One Building Brings Together Two Seemingly Different Greater Cincinnati Education Organizations
iSpace, a STEM non-profit, and Gorman Heritage Farm, a working farm teaching kids about the science of growing and preparing food, have joined forces to create "Soil and Stars." The partnership enabled the two organizations to buy a building that, separately, they might not have been unable to purchase.
iSpace was homeless in 2020 after it had to give up space it was leasing from Great Oaks. The school was growing and needed to reclaim it. Then when iSpace was about to move into another space, COVID hit and the cancellation of its camps drastically dropped the organization's income.
So it contacted various municipalities for another place. The Village of Evendale, knowing Gorman Heritage Farm (just up the hill from the new building) was also looking for indoor space, suggested the two look at the vacant UAW building.
The organizations closed on the their new space in May. Together they see more similarities than differences in their mission of educating kids.
"So our programming is also science-based but it's much more of natural sciences and we support Ohio state learning standards for natural science and social studies but we aren't doing robotics, we're doing soil studies," says Nicole Gunderman, deputy director of Gorman.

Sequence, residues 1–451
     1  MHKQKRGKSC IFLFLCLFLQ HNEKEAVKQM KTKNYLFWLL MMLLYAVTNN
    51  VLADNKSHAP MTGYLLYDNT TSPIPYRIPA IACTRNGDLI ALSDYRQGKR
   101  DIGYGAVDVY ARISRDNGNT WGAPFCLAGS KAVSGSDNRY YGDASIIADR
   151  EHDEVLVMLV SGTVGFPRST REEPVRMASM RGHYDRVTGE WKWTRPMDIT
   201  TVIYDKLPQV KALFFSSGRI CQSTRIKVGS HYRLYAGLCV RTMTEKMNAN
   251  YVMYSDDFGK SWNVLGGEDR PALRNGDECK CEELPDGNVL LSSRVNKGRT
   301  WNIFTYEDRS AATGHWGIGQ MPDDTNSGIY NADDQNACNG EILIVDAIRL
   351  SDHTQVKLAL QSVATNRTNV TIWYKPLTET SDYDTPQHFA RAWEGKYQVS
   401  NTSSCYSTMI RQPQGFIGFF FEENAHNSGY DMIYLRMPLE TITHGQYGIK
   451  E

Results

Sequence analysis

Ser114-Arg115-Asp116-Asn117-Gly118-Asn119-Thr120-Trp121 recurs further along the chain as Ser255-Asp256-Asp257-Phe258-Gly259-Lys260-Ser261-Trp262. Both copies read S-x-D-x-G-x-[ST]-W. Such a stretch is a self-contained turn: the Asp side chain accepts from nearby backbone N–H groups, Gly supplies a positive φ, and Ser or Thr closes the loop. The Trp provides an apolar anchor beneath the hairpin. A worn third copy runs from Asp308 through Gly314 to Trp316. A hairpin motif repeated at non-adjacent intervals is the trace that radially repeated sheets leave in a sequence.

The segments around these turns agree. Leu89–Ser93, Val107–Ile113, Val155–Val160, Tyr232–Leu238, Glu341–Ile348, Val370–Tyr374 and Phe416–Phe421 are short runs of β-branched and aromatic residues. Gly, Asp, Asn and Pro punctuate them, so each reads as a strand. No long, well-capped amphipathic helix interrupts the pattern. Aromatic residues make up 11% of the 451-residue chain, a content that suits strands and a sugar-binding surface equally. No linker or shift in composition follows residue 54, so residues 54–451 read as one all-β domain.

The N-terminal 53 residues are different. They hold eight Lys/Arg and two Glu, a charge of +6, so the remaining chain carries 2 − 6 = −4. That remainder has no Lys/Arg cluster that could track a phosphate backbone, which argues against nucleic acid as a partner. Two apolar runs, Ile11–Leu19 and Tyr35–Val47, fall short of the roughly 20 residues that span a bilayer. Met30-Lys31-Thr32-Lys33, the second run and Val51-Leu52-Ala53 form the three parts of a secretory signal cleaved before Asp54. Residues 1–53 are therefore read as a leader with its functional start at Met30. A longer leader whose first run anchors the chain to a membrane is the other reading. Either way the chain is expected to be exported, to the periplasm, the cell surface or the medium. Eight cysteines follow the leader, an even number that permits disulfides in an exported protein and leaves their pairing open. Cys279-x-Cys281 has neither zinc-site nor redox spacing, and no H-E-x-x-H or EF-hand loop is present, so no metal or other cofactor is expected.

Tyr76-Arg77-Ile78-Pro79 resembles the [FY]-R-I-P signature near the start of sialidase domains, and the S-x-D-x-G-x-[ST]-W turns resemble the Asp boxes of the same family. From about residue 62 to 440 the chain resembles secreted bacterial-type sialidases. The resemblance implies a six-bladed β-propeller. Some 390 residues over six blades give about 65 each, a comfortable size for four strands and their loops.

Gorman is excited the farm now has an industrial kitchen in the new building to better teach food science.
Gunderman and iSpace Executive Director Sue Hare walk into the building's big banquet hall. Hare has it all worked out in her mind. "This section here will be what we call our iMission suite. It's a space station simulation," she says.
iSpace is already running its programs out of the Soil and Stars building and Hare is looking forward to the participants in its camps to build more relationships.
The robotics competition and camps have been going on for decades in Greater Cincinnati.
"One of our alumni said they 'found their people here,' " says Hare. "I thought that was a funny but appropriate way to put it."